Press freedom

Dan Walker interviews Cricket World Cup hero Ben Stokes

Winning the World Cup, how family life has changed and dealing with press intrusion

Burundi journalists still in detention 'for covering attack’

Christine Kamikazi and Agnès Ndirubusa
Christine Kamikazi and Agnès Ndirubusa were arrested while interviewing residents

Four Burundian journalists and their driver are spending a third day in police detention after being arrested while interviewing residents in the wake of an attack by a rebel group, their employer has said.

Government forces killed 14 rebels and seized 11 guns in Tuesday's attack in the north-western Bubanza province.

The journalists - Christine Kamikazi, Agnès Ndirubusa, Térence Mpozenzi, Egide Harerimana - and their driver, Adolphe Masabarakiza, work for the privately owned French-language Iwacu newspaper.

Iwacu has said the journalists are still in police custody.

Iwacu founder Antoine Kaburahe said the newspaper had not been told on what grounds the journalists were being held. The authorities have not commented on the arrests either.

Mr Kaburahe added that the journalists were interrogated on Wednesday without their lawyer being present.

Iwacu's news editor Leandre Sikuyavuga, accompanied by a lawyer, visited the five and reported that they were all tired.

Burundi's journalists' union has condemned the arrests as well as the fact that their equipment was seized.

The Committee to Protect Journalists (CPJ) has called for the five's immediate release, saying in a statement: “Journalists have a duty to report on unrest and security personnel ought to protect and facilitate this work, not impede it."

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Mr Kaburahe said the journalists went to perform their role of covering the fighting between rebels and government forces.

“Journalists, real ones, go to the field to find news, news does not come to find them in the office,” he wrote on the newspaper's website.

In July 2016, Jean Bigirimana, a journalist writing for the same newspaper, was arrested by unknown people and has never seen since. Iwacu believes he was targeted because of his reporting.

Why have Australian newspapers blacked out their front pages?

It is part of a nationwide campaign calling for media freedom.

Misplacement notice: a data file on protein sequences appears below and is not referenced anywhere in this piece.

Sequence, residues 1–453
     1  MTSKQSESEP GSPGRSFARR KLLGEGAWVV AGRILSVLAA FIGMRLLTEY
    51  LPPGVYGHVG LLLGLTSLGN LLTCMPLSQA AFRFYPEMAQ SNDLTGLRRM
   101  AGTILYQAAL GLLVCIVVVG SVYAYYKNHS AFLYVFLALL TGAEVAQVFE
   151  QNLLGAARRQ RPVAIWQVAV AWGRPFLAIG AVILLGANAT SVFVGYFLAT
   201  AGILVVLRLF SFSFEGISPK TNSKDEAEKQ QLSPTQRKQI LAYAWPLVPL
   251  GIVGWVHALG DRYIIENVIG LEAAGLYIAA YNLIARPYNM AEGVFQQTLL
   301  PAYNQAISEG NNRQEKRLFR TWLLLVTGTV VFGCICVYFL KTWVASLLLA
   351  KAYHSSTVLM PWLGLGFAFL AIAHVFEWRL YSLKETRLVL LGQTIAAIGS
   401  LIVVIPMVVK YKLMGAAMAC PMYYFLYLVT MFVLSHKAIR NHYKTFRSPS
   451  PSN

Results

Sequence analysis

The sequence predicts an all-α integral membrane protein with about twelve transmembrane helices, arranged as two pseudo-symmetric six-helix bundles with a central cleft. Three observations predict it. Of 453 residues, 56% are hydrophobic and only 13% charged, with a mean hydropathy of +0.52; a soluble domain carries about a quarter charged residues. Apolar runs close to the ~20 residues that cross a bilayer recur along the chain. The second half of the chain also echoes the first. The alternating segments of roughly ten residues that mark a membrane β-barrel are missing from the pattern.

Australian newspapers have blacked out their front pages as part of a nationwide campaign for media freedom. They say the government's strict security legislation prevents them from keeping the public properly informed. The unprecedented action was triggered by raids on the home of a journalist and on the headquarters of the Australian Broadcasting Corporation, after the publication of stories based on leaked classified information. The 'Your Right to Know' campaign says that without a free media, abuses of power and corruption cannot be exposed. Fergus Hunter is the education and communications reporter for the Sydney Morning Herald and The Age, he has been speaking to BBC Newsday's Alan Kasujja. 

(Picture: Australian Newspapers Black Out Front Pages In Call For Press Freedom. Credit: Getty Images)

Liberia riot police shut anti-Weah radio station

Jonathan Paye-Layleh

BBC Africa, Monrovia

George Weah
George Weah became president of Liberia last year

Riot police have shut a popular radio station critical of Liberia's president and former football star George Weah.

The officers broke a steel gate and stormed the offices of Roots FM in the capital, Monrovia, shortly after its breakfast programme, The Costa Show, discussed alleged wasteful spending by Mr Weah while "his people suffer".

Justice Minister Frank Musa Dean confirmed to the BBC that riot police had been dispatched after his office had received a letter from the Liberia Telecommunications Authority (LTA) complaining that the station and two others were operating without a licence.

The justice minister did not say why the government did not turn to the courts to force the closure, as required by law.

As police hammered the gate to enter the station, Henry Costa, its US-based owner who hosts the show via the internet, called on his followers to come and "rescue" it.

“We have to hold together; don’t let them take our equipment away,” Costa pleaded.

“I am watching the thing live as they break into our radio station,” he cried out in vain. “It is a sad day for Liberia.”

As Costa spoke, the banging of hammers on the gate could be heard.

In response to his call, eyewitnesses say more than 400 people arrived at the station within minutes, but this did not stop the police from shutting it down.

An eyewitness calling from a nearby building told the BBC he saw police loading the station’s broadcast equipment into a waiting vehicle after it had been forced off-air.

Roots FM has had a bad relationship with Mr Weah's government since the former footballer assumed the presidency nearly two years ago.

Before Thursday’s action, the station said it was in compliance with all broadcast regulations, and had asked for a renewal of its licence.

Read: No-one dares to tackle President Weah